The pair know each other well, having spent time together in Kenya's Rift Valley during winter training. To date, Farah has not been one for world records, instead focusing on the major championships. It is the one caveat that his peers mention when discussing his greatness as a distance runner. So could the Londoner one day aspire to be the world's fastest man on the road?

"I'll get an idea after this one and a feel for it," he says. "Every athlete is different. I'll see how I feel and whether it suits me. I can be a good marathon runner or not."

While the road will be the No 1 aspiration of next year, the track – and that of Moscow's Luzhniki Stadium in particular – has been the abiding memory of 2013. The double double has led to him being nominated for BBC Sports Personality of the Year for a second successive year.

Farah admits, "I'm voting for Andy Murray," as, it would appear, is the rest of the general public following his Wimbledon singles triumph. Farah, who was in the royal box to watch part of Murray's passage to the final in a rare break from training, says of his Sports Personality rival: "He's a great lad and what he's achieved is great. I like him and I've watched him with great interest in the past year.

"For me, it would be nice to win but at the moment it's out of your control. What I do best is run and train hard. It's nice to have a title but it is what it is."

Regardless of where Farah places in Sunday's voting, his popularity in the general British psyche is cemented, to the extent he does not worry about a change of perception should the marathon prove a struggle.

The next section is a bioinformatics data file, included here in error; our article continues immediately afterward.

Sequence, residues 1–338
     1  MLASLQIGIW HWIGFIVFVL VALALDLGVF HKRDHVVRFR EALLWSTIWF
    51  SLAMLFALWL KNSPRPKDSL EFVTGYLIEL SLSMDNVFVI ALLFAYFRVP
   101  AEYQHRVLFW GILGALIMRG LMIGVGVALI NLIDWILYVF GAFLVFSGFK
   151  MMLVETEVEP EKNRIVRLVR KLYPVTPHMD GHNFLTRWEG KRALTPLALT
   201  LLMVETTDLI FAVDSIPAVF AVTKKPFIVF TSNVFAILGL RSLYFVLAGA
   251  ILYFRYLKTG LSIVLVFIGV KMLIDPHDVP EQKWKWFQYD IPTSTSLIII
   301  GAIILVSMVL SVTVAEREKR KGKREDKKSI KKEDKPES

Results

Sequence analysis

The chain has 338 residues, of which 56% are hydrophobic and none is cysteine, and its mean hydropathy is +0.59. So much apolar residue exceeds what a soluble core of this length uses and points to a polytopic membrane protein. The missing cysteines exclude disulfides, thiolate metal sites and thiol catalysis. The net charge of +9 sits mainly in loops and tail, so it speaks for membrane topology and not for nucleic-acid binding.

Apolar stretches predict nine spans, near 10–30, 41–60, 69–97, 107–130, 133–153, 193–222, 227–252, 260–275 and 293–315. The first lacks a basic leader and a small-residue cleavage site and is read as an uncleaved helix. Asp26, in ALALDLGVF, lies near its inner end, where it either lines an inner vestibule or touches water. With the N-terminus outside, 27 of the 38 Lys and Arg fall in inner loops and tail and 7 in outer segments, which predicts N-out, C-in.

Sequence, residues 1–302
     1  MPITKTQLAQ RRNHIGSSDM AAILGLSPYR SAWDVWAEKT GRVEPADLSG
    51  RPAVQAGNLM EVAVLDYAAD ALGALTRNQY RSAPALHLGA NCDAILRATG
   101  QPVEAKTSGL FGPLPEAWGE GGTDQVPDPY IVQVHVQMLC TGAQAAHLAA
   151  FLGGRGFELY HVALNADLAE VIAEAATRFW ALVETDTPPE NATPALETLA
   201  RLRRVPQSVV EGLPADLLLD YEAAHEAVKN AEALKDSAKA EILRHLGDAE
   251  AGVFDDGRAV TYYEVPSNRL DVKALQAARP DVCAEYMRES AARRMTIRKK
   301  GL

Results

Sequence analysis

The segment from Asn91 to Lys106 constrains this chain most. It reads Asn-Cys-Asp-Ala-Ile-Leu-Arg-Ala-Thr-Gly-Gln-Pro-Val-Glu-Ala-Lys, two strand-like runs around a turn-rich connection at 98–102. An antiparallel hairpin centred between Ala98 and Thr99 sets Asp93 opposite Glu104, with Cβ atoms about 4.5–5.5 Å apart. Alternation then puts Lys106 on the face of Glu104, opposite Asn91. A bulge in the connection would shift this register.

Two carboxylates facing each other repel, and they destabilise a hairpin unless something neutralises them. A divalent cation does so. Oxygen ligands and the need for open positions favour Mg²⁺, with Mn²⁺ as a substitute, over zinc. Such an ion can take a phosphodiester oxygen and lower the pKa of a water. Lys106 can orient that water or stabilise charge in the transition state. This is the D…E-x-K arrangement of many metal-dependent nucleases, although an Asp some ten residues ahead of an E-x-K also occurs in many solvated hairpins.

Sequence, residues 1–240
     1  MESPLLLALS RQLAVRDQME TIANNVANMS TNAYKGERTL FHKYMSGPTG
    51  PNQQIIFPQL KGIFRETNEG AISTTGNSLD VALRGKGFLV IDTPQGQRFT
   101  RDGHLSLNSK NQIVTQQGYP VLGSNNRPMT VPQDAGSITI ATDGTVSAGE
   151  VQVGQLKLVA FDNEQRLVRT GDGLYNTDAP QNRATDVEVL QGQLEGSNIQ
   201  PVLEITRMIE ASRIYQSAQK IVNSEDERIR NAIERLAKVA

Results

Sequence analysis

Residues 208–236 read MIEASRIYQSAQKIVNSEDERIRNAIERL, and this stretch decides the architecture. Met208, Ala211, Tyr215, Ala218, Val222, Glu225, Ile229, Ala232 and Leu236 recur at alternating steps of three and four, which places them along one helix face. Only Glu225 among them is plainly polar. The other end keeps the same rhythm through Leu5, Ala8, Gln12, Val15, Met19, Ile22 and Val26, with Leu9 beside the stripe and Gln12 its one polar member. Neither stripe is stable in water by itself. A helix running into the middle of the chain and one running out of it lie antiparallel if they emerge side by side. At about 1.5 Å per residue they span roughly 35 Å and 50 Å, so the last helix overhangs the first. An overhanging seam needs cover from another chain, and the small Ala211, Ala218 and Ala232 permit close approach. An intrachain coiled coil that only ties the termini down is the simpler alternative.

Asked if he fears a drop in support should his road results be poor, he says: "No, I love the British public. No one's going to hate you or dislike you if you have a bad race or a bad year."

Even with a change of sights, such is the crest of a wave that Farah is travelling along a bad year looks highly unlikely.

Voices
The Sumatran tiger, endemic to the Indonesian island of Sumatra, is an endangered species
voicesJonathon Porritt: The wild tiger population is thought to have dropped by 97 per cent since 1900
Arts and Entertainment
Beast would strip to his underpants and take to the stage with a slogan scrawled on his bare chest whilst fans shouted “you fat bastard” at him
musicIndie music promoter was was a feature at Carter gigs
News
news
Arts and Entertainment
Story line: Susanoo slays the Yamata no Orochi serpent in the Japanese version of a myth dating back 40,000 years
arts + entsApplying the theory of evolution to the world's many mythologies
PROMOTED VIDEO
Have you tried new the Independent Digital Edition apps?
News
Performers dressed as Tunnocks chocolate teacakes, a renowned Scottish confectionary, perform during the opening ceremony of the 2014 Commonwealth Games at Celtic Park in Glasgow on July 23, 2014.
news
Life and Style
Popular plonk: Lambrusco is selling strong
Food + drinkNaff Seventies corner-shop staple is this year's Aperol Spritz
News
Gardai wait for the naked man, who had gone for a skinny dip in Belfast Lough
newsTwo skinny dippers threatened with inclusion on sex offenders’ register as naturists criminalised
News
Shake down: Michelle and Barack Obama bump knuckles before an election night rally in Minnesota in 2008, the 'Washington Post' called it 'the fist bump heard round the world'
newsThe pound, a.k.a. the dap, greatly improves hygiene
Arts and Entertainment
La Roux
music
Arts and Entertainment
Graham Fellows as John Shuttleworth
comedySean O'Grady joins Graham Fellows down his local Spar
News
people
News
Ross Burden pictured in 2002
people
News
Elisabeth Murdoch: The 44-year-old said she felt a responsibility to 'stand up and be counted’'